Piketon radiation records altered, feds say

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In 2006, the Dayton Daily News published a series about sick workers and the massive contamination and taxpayer-funded cleanup at the Portsmouth Gaseous Diffusion plant, where the federal government and its contractors enriched uranium for decades in Piketon, Ohio.

Federal authorities are investigating allegations that a contractor's employees altered documents to cover up problems with radiation detection equipment at a shuttered uranium enrichment plant in southern Ohio, according to federal and contractor officials.

Fluor-B&W/Portsmouth officials believe the documents were altered by "employees and sub-contract personnel" to avoid detection of problems with the hand-held radiation detection monitors at the Portsmouth Gaseous Diffusion plant, according to a May 22 memo from Site Project Director Dennis J. Carr to company employees.

The company is under contract with the Department of Energy to remove radioactive and toxic contamination at the 3,700-acre site where the federal government and its contractors enriched uranium for weapons and power plants between 1954 and 2001.

The meters are used to measure alpha and beta radiation contamination on people and equipment.

"Basically, they are one of the main sources of checking before people or materials leave an area," company spokesman Jeff Wagner said.

Officials have not identified any occurrence of an individual being contaminated or the improper release from a radiological area of contaminated equipment, materials or waste as a result of the problem, Wagner said.

"The investigation presented no evidence that anything associated with this issue left the radiation area or the site or entered any public space," Wagner said.

25 altered entries

The issue was discovered in late April and both the company and the Department of Energy Inspector General opened investigations, Carr said.

"Intentional alteration of federal records is not only a breach of our company's ethics policy and a Level 1 violation of our disciplinary policy, but could carry with it serious legal and/or contractual consequences for the involved individuals and the company," Carr wrote.

Fluor-B&W found that about 25 "data entries documenting daily performance tests on hand-held radiological monitors had been inappropriately altered," said Tim Echelard, spokesman for the U.S. Department of Energy.

The monitors are tested daily, and in the process some showed readings about 15 percent outside the proper range, which should have resulted in them being pulled from service, said Wagner.

"It's possible the equipment did not accurately read the level of radioactivity, but no materials monitored were ever able to leave the radiation area," Wagner said.

Tim Echelard, DOE spokesman, said the company "confirmed that records had been retrieved and deliberately altered" and "appropriate employee actions" are being taken this week.

Wagner declined to say if those actions include firing radiation contamination personnel in charge of the meters. But Carr said the company will announce "new leadership" of the program.

Wagner said that within the radiation contamination organization "there was some supervisor/management direction as well as supervision/management knowledge about the issue but did not act on employee concerns."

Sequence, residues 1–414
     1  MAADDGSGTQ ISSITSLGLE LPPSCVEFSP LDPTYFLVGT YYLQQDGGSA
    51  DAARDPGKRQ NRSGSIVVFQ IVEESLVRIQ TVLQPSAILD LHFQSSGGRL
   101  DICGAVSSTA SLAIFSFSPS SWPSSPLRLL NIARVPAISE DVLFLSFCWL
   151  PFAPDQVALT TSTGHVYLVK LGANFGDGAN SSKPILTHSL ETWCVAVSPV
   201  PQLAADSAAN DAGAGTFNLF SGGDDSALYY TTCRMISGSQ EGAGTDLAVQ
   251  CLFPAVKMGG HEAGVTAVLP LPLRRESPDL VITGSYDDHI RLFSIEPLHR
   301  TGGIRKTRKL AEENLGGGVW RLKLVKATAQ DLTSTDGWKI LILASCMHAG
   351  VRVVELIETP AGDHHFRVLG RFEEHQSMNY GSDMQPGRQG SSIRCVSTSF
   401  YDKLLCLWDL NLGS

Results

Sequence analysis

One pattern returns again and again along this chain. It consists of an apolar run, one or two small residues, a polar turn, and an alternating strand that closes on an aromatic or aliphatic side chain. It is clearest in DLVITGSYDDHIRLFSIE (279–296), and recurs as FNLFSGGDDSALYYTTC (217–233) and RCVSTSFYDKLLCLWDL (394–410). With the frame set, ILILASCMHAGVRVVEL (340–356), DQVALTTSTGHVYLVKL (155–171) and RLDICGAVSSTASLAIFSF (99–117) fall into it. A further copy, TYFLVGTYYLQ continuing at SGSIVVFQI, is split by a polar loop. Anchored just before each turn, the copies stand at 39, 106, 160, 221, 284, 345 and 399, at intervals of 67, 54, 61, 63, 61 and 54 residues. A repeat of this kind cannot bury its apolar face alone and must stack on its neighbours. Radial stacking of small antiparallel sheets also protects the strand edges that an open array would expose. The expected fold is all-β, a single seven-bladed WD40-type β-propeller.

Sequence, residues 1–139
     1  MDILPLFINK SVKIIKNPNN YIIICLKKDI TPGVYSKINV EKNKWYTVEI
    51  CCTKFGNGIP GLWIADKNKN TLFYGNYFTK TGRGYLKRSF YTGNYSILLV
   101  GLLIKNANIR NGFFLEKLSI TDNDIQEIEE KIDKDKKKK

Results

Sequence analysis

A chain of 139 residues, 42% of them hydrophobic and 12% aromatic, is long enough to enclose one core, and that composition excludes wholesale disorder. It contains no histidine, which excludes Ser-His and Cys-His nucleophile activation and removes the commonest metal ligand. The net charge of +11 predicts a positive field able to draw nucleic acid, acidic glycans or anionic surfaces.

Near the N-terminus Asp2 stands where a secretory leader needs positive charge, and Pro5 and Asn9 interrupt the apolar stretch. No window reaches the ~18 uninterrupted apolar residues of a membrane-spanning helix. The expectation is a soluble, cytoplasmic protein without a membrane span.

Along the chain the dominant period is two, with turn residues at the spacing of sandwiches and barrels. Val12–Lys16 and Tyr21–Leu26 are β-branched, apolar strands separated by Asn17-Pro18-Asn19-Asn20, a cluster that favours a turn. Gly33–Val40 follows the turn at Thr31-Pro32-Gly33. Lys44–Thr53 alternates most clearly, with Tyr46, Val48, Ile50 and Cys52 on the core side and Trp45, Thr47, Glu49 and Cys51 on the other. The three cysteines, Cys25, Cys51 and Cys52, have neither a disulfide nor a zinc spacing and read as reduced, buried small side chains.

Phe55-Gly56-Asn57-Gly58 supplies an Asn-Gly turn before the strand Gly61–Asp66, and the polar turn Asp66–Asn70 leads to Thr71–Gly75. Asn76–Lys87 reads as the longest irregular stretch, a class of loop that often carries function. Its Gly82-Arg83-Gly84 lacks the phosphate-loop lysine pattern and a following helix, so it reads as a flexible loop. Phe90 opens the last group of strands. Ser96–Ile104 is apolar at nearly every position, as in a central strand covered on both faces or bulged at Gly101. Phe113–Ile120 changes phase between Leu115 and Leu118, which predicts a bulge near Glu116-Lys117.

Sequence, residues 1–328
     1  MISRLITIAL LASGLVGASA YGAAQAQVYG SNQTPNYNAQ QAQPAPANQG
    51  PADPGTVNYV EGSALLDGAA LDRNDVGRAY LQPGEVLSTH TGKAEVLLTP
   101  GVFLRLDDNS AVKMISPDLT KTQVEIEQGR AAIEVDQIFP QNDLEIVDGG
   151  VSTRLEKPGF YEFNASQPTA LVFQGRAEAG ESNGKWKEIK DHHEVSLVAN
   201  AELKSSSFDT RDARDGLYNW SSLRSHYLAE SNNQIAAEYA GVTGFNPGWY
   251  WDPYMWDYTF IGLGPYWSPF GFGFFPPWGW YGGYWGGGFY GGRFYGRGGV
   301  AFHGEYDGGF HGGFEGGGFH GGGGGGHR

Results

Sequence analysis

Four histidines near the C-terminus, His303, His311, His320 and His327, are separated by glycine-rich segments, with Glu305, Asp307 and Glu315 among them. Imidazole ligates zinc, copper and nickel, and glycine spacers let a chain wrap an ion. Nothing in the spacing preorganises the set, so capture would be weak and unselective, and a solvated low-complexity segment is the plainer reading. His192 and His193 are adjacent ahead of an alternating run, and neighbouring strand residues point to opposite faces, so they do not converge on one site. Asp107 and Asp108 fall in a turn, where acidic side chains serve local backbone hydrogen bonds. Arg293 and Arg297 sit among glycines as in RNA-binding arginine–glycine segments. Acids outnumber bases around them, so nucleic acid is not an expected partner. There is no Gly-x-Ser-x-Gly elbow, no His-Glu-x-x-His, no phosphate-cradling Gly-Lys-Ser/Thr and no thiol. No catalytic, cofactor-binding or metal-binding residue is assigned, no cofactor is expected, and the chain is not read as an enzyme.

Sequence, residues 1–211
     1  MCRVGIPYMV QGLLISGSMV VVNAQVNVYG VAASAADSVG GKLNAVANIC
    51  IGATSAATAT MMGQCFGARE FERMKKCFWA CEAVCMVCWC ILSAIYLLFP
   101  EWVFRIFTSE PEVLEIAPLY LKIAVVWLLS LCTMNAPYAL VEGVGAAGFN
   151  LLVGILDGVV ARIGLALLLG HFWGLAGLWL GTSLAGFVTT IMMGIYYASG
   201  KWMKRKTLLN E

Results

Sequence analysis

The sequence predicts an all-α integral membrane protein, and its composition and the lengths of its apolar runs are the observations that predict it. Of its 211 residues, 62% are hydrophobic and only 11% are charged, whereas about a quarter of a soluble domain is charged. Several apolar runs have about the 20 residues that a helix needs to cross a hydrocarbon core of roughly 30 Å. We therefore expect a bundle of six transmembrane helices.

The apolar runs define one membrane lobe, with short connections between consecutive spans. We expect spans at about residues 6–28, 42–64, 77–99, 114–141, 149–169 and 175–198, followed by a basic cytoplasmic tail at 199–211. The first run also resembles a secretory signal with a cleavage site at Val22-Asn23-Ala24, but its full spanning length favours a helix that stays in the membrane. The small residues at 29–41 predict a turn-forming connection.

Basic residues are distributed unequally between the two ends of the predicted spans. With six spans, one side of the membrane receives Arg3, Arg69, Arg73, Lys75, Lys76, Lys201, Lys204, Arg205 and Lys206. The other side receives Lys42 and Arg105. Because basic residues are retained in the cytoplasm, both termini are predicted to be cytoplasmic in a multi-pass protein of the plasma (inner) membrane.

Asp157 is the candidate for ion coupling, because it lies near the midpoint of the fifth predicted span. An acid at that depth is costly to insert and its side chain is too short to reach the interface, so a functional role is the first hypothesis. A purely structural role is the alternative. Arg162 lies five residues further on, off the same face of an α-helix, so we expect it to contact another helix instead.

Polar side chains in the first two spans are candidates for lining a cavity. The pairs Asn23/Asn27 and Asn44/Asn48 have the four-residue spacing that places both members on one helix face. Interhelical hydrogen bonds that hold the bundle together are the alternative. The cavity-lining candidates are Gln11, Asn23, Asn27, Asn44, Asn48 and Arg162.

Carr urged employees to not comply with any order from a supervisor that is unsafe, unethical, illegal or violates regulations, and to report such violations to superiors.

Carr said the focus at Fluor-B&W is "recovering from the event and strengthening our Radiation Protection Program through the implementation of corrective actions," including retraining of staff and verifying equipment is functioning properly.

While the U.S. Department of Energy Inspector General is investigating the allegations, the resulting report may not be made public, according to Felicia Jones, media liaison at the IG's office.

Massive contamination

In 2006 the Dayton Daily News published a multi-part investigation of radioactive and toxic contamination at the Piketon site, where secrecy cloaked activities by the government and its contractors, leading to massive contamination that made workers sick.

The Daily News investigation documented decades of slipshod safety practices, accidental toxic releases and routine mishandling of chemical and radioactive material. The clean up work Fluor-B&W is doing is estimated to cost $2 billion. Taxpayers have paid the company $690 million since it began work in March 2011. The company is to decontaminate more than 400 buildings and complete environmental remediation of groundwater contamination and landfills on the site, Wagner said. Officials estimate the work will take until 2021 to complete.

Piketon was one of a trio of major government nuclear facilities in southern Ohio that were badly contaminated. The Mound Laboratory in Miamisburg and the Feed Materials Production Center in Fernald near Cincinnati also were cleaned at taxpayer expense.

The Piketon site — 100 miles southeast of Dayton — also is home to USEC Inc.'s next-generation uranium centrifuges, which are still in the testing stage as the company seeks federal and investor funding for the project.

USEC operated the gaseous diffusion plant at Piketon before it closed. It also operates one in Paducah, Ky., which remains open.

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